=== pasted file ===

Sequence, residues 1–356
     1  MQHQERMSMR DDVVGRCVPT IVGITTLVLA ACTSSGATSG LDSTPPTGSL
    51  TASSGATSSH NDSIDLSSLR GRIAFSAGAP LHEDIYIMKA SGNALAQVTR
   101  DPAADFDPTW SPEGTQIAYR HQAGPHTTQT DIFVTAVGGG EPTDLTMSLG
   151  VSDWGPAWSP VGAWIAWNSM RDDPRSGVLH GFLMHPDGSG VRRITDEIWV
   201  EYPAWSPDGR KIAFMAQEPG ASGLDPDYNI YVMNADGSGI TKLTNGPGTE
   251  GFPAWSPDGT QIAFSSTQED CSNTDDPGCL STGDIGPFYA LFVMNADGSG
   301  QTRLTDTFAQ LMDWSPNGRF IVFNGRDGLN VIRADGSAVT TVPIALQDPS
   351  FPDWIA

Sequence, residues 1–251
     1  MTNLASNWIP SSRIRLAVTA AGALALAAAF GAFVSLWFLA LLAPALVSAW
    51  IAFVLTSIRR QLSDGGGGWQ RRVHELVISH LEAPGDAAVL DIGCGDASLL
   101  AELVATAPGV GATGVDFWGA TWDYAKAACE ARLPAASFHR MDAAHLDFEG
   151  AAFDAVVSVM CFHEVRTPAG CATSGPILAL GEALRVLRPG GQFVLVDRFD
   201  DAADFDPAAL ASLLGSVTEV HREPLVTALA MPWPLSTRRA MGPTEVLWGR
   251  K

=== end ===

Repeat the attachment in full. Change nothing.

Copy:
Sequence, residues 1–356
     1  MQHQERMSMR DDVVGRCVPT IVGITTLVLA ACTSSGATSG LDSTPPTGSL
    51  TASSGATSSH NDSIDLSSLR GRIAFSAGAP LHEDIYIMKA SGNALAQVTR
   101  DPAADFDPTW SPEGTQIAYR HQAGPHTTQT DIFVTAVGGG EPTDLTMSLG
   151  VSDWGPAWSP VGAWIAWNSM RDDPRSGVLH GFLMHPDGSG VRRITDEIWV
   201  EYPAWSPDGR KIAFMAQEPG ASGLDPDYNI YVMNADGSGI TKLTNGPGTE
   251  GFPAWSPDGT QIAFSSTQED CSNTDDPGCL STGDIGPFYA LFVMNADGSG
   301  QTRLTDTFAQ LMDWSPNGRF IVFNGRDGLN VIRADGSAVT TVPIALQDPS
   351  FPDWIA

Sequence, residues 1–251
     1  MTNLASNWIP SSRIRLAVTA AGALALAAAF GAFVSLWFLA LLAPALVSAW
    51  IAFVLTSIRR QLSDGGGGWQ RRVHELVISH LEAPGDAAVL DIGCGDASLL
   101  AELVATAPGV GATGVDFWGA TWDYAKAACE ARLPAASFHR MDAAHLDFEG
   151  AAFDAVVSVM CFHEVRTPAG CATSGPILAL GEALRVLRPG GQFVLVDRFD
   201  DAADFDPAAL ASLLGSVTEV HREPLVTALA MPWPLSTRRA MGPTEVLWGR
   251  K